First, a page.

Yes, I sing books.  It’s the best way to learn a song because there are pictures to the words. Pictures cement the meaning to the song, and children understand.  And, they sing with pride.  When I play the Autoharp to sing a patriotic song and have a fellow teacher (and Gloria) sing-along, children stand and place their hands on their hearts.  They love singing, and naturally gravitate to what a song feels like.  Children are far more tuned-in to feelings than adults.

We sing “God Bless America”, “This Land is Your Land”, “Red White and Blue”, and “The Star-Spangled Banner”, while we read the books.  Children belt out the words.  They stand tall with hands on their hearts because they are filled with pride.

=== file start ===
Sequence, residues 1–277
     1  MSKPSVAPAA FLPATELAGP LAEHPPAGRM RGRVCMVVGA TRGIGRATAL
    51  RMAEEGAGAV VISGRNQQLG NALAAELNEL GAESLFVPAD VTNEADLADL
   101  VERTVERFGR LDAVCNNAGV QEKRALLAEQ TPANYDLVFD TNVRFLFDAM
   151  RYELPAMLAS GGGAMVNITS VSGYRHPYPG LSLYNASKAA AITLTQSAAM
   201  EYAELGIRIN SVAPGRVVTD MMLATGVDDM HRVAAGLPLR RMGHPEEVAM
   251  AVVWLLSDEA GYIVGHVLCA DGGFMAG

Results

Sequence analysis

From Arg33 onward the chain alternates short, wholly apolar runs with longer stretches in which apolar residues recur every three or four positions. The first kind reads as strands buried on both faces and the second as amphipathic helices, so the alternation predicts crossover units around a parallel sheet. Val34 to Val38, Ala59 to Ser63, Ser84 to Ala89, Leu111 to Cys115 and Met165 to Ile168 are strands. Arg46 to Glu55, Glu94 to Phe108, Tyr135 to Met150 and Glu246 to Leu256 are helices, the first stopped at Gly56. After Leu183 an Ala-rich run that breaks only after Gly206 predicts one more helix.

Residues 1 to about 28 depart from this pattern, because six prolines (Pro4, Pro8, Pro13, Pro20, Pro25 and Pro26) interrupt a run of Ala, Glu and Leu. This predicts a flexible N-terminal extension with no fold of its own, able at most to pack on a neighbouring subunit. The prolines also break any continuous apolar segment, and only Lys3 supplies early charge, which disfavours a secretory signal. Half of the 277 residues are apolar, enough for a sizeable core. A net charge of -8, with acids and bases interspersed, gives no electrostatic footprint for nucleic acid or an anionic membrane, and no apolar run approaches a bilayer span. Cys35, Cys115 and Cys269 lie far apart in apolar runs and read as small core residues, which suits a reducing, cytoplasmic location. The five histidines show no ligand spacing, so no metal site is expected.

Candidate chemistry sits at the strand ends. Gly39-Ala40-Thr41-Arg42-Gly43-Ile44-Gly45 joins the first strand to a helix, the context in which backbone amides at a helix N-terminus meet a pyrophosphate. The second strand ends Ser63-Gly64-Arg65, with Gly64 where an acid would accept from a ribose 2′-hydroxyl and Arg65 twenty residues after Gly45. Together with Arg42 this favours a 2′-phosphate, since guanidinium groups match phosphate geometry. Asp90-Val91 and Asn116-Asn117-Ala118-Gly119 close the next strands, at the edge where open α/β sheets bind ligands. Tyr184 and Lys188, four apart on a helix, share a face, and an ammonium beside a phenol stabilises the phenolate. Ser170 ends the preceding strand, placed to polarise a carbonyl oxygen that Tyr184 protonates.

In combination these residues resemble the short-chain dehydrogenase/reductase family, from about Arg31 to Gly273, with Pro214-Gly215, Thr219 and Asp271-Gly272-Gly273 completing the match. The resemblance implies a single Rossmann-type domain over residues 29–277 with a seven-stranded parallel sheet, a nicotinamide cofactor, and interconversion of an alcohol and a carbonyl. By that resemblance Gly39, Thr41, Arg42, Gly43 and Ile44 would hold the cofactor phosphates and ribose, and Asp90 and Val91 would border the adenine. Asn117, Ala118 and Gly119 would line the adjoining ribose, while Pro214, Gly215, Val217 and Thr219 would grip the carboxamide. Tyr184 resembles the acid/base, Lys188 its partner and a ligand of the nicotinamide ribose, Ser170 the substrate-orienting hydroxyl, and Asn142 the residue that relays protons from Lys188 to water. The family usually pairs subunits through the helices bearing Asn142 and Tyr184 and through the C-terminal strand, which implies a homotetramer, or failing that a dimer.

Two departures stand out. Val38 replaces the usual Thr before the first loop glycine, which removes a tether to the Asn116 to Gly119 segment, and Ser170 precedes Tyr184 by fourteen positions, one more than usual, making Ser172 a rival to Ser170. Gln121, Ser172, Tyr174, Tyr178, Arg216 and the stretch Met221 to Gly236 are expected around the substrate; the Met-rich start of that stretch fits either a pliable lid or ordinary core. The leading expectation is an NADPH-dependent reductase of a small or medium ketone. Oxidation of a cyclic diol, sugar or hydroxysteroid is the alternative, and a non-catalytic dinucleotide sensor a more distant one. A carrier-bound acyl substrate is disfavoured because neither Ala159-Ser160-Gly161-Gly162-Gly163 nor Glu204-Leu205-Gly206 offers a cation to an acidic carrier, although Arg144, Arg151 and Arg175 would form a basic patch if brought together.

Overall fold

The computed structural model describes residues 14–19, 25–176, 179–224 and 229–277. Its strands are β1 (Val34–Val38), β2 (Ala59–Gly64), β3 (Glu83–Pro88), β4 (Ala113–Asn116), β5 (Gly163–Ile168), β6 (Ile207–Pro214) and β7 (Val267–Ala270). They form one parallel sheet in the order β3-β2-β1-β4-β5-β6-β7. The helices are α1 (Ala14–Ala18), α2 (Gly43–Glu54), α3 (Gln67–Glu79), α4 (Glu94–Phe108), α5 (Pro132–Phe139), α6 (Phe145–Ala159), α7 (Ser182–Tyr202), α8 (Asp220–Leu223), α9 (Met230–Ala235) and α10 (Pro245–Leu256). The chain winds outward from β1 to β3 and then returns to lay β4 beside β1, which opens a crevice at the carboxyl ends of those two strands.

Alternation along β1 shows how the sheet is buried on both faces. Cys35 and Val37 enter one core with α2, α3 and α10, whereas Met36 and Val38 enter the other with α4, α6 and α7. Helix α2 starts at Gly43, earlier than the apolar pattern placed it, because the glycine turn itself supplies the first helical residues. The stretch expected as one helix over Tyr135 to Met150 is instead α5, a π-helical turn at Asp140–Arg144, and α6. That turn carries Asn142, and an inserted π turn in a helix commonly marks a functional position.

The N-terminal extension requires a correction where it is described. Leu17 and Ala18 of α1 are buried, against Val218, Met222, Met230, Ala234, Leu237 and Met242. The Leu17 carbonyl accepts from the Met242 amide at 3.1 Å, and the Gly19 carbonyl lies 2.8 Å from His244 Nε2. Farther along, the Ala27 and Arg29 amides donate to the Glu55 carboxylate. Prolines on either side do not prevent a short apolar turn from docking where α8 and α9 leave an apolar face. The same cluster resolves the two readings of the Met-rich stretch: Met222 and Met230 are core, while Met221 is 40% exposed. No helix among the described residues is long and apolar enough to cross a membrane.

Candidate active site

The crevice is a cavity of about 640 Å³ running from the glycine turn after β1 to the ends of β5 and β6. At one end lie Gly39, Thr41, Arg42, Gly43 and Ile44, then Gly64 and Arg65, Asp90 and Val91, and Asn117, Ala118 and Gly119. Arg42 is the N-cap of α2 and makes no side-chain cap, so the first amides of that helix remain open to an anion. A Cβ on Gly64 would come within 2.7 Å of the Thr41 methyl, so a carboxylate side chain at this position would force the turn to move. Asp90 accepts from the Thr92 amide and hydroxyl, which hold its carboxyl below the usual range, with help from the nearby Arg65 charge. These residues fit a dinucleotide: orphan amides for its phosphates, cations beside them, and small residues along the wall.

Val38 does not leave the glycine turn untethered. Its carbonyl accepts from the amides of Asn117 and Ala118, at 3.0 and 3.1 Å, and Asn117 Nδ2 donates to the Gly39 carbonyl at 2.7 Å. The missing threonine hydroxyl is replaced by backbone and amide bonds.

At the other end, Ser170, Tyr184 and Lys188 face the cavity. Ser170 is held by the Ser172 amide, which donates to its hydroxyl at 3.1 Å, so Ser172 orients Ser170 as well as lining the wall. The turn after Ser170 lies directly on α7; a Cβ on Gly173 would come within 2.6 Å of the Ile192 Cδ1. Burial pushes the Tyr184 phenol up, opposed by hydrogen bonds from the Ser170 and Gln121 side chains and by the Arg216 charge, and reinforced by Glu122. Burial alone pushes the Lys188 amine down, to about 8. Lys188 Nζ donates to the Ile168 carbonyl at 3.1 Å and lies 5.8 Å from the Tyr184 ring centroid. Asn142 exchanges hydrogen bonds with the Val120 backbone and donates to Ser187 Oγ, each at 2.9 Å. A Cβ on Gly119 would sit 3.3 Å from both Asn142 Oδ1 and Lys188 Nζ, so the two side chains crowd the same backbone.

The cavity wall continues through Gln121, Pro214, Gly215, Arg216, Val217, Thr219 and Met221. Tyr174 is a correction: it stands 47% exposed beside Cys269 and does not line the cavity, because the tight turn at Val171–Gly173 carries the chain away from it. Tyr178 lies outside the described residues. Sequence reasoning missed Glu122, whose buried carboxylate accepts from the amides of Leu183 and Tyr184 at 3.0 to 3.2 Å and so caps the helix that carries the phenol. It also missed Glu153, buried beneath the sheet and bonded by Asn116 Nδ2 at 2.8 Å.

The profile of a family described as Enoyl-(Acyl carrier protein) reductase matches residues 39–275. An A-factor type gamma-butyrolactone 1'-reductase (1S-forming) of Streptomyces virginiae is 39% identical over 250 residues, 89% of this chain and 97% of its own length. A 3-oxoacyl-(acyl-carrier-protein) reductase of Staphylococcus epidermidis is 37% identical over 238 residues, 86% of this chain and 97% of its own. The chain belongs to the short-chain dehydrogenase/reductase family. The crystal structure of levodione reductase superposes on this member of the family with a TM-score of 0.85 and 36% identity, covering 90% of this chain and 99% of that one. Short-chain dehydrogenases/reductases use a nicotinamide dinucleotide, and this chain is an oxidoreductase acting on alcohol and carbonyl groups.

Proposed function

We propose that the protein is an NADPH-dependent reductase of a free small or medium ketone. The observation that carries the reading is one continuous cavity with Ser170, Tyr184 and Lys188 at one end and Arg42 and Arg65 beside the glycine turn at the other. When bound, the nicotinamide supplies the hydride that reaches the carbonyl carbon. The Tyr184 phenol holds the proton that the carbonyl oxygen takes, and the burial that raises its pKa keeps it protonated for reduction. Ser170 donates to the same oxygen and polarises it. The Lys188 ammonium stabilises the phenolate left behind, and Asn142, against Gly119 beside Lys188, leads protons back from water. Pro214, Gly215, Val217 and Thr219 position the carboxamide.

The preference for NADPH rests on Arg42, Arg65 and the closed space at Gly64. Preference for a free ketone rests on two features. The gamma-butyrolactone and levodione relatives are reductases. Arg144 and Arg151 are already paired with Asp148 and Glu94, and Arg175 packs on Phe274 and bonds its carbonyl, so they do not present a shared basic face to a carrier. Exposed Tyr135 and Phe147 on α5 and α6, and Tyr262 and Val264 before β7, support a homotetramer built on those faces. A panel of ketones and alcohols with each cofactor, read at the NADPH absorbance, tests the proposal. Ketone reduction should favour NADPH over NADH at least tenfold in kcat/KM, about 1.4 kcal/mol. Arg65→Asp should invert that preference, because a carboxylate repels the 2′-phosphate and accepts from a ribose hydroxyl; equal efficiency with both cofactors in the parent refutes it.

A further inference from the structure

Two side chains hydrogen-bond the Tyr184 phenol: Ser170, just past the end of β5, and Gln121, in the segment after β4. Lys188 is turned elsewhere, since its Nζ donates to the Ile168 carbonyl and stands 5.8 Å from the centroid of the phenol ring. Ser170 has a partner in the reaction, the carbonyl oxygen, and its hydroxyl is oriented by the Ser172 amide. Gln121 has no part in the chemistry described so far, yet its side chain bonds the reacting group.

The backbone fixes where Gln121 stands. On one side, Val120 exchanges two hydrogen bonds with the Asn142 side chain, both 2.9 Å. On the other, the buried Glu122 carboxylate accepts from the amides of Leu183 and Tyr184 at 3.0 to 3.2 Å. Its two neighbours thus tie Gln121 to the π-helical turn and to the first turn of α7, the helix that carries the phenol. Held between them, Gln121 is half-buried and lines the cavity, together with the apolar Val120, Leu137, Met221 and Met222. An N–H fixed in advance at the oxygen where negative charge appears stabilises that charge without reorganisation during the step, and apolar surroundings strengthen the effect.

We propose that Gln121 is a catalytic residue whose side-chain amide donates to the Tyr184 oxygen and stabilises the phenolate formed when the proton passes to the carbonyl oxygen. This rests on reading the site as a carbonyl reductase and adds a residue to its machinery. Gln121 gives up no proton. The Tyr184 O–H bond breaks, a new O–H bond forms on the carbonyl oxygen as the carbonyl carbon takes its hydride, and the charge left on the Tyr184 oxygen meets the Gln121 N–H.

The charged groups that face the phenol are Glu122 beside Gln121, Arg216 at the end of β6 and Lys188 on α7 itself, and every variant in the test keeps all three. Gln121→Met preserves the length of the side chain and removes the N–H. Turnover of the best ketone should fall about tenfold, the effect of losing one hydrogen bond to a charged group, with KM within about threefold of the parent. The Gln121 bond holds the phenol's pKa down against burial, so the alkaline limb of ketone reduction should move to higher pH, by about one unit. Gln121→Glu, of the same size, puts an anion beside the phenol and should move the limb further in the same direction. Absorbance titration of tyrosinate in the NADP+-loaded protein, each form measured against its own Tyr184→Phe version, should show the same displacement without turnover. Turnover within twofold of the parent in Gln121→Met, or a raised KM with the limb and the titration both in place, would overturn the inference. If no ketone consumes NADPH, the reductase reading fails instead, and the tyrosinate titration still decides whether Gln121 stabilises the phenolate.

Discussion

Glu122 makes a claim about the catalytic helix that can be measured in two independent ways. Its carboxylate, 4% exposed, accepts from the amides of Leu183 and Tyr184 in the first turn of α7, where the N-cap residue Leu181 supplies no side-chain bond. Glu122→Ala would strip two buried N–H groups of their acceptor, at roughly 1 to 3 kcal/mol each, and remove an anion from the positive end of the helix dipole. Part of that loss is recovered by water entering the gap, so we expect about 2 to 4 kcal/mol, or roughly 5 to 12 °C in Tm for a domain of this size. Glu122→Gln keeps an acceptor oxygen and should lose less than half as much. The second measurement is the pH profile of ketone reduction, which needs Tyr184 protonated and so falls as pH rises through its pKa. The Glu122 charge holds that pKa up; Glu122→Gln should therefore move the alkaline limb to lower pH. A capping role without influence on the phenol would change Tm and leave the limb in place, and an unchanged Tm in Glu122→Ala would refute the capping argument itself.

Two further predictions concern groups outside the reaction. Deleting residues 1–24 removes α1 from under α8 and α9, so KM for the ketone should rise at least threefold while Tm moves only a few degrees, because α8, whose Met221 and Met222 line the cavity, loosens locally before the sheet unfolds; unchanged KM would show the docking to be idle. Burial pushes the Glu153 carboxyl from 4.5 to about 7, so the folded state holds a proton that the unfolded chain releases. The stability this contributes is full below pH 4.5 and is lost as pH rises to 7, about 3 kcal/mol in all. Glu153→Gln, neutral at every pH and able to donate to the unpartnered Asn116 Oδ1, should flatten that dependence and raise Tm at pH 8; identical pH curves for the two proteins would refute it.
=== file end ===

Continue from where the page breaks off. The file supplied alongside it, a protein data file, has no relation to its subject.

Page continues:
Is there a part of “The Star-Spangled Banner” that gives you a lump in your throat?  When I sing, “…gave proof through the night”, that does it for me.  We all hold dear parts of songs that empower us.  Patriotic songs seem to do that ten-fold.

Irving Berlin did not particularly like our National Anthem, and he wrote “God Bless America”.  Woody Guthrie did not like “God Bless America”, and he wrote “This Land is Your Land”.  Isn’t that interesting? I told this to the children.  We took a tally vote of our favorite song, yet there was no clear winner.

When my son was eight, I bought him the book The Star-Spangled Banner by Peter Spier.  Suddenly all the words to a song that he loved came to life.  Every time I read this book, something remarkable happens, because this book has full page illustrations that tell the story.  It is history for young children.  This is part of what I wrote to families a few years ago when children wanted to sing “The Star-Spangled Banner”: